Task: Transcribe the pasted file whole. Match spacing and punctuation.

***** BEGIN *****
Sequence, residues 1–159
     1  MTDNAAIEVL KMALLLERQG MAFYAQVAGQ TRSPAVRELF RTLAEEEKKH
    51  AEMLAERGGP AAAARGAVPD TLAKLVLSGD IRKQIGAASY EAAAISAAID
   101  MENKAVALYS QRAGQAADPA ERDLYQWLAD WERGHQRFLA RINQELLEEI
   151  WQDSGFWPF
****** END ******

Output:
Sequence, residues 1–159
     1  MTDNAAIEVL KMALLLERQG MAFYAQVAGQ TRSPAVRELF RTLAEEEKKH
    51  AEMLAERGGP AAAARGAVPD TLAKLVLSGD IRKQIGAASY EAAAISAAID
   101  MENKAVALYS QRAGQAADPA ERDLYQWLAD WERGHQRFLA RINQELLEEI
   151  WQDSGFWPF